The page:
What's in a Name

What's in a Name

Amaral, Ana Luisa
$16.95

With the elliptical looping of a butterfly alighting on one's sleeve, the poems of Ana Lui´sa Amaral arrive as small hypnotic miracles. Spare and beautiful in a way reminiscent both of Szymborska and of Emily Dickinson (it comes as no surprise that Amaral is the leading Portuguese translator of Dickinson), these poems--in Margaret Jull Costa's gorgeous English versions--seamlessly interweave the everyday with the dreamlike and ask "What's in a name?"

"How solid is a name if answered to," Amaral answers, but "like the Rose--no, like its perfume: ungovernable. Free." There is much freedom within Amaral's poetry, room for mysteries to multiply, and yet her beautiful lines are as clear as water:

And that time of smiles Which does, incidentally,

really exist, I swear, as does the fire

And the invisible sea, which with nothing will agree

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Bosh and Flapdoodle: Poems

Ammons, A R
$16.95
Bosh and Flapdoodle is A. R. Ammons's last completed collection of poetry. Written over a six-week period, the book offers a series of candid, alternately hilarious and heartbreaking ruminations on age, illness, and death, while still finding room for the poet's always penetrating observations of daily life and natural events.
Garbage

Garbage

Ammons, A. R.
$15.95
A. R. Ammons's poem with the unforgettable title is a defense of meaning--'this, ' the poet says, 'are awash in ideality.' Garbage is an epic of ideas: all life--not that of human beings alone, but every species--is shown to be part of an ultimate reality. Eternity is here and now. The argument ranges widely with a wealth of images taken from science, and the world around us, the writing by turns impassioned and witty. For power of the thought and language, the poem takes its place alongside Whitman's Song of Myself--an American classic.--Citation for the 1993 National Book Award for Poetry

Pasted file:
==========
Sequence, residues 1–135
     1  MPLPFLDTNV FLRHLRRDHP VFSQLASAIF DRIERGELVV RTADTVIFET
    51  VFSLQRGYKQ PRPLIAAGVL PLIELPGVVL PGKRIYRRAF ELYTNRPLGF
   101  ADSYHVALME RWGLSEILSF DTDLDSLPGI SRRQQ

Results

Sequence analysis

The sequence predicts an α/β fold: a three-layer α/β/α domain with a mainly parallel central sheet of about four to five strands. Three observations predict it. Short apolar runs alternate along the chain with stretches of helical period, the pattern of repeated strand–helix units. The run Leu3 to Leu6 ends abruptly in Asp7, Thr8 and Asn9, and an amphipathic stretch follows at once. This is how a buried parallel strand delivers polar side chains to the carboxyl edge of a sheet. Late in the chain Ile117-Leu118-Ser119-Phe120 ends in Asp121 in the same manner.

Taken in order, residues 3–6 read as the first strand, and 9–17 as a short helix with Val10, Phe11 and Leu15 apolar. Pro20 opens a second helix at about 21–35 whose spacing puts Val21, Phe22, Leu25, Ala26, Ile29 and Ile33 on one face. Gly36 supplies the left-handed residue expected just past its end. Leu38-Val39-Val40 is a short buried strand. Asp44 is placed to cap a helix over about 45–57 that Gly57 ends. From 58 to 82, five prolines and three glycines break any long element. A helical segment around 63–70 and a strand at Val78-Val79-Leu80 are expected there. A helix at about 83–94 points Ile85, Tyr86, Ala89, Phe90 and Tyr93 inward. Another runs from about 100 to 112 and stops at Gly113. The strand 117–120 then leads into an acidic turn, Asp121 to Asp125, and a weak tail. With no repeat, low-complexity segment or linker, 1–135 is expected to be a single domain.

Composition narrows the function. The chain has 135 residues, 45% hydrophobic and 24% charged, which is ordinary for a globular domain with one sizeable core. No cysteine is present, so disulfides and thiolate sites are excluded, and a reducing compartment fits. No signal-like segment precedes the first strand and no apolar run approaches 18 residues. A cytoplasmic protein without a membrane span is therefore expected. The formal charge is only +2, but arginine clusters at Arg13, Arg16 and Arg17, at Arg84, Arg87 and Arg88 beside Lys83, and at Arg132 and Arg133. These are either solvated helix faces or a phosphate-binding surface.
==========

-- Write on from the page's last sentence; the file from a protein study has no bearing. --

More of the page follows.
Green Knight (Movie Tie-In)

Green Knight (Movie Tie-In)

ANONYMOUS
$16.00
The inspiration for the major motion picture The Green Knight starring Dev Patel, an early English poem of magic, chivalry and seduction.

Composed during the fourteenth century in the English Midlands, Sir Gawain and the Green Knight describes the events that follow when a mysterious green-coloured knight rides into King Arthur's Camelot in deep mid-winter. The mighty knight presents a challenge to the court: he will allow himself to be struck by one blow, on the condition that he will be allowed to return the strike on the following New Year's Eve. Sir Gawain takes up the challenge, decapitating the stranger - only to see the Green Knight seize up his own severed head and ride away, leaving Gawain to seek him out and honour their pact. Blending Celtic myth and Christian faith, Gawain is among the greatest Middle English poems: a tale of magic, chivalry and seduction.

Death of King Arthur : A New Verse Translation

Death of King Arthur : A New Verse Translation

Armitage, Simon (TRN)
$15.95
First appearing around 1400, The Death of King Arthur is one of the most widely beloved and spectacularly alliterative poems penned in Middle English. While it is more than six centuries old, this magisterial new translation has finally given American readers the ability to experience the splendor and poignancy of the original. Echoing the lyrical passion that so distinguished Seamus Heaney s Beowulf, Simon Armitage has produced a virtuosic translation of a timeless masterpiece, one that follows Arthur s bloody conquests across Europe, all the way to his spectacular and even bloodier downfall. This unparalleled presentation of the greatest Arthurian tale promises to become the definitive edition for generations to come."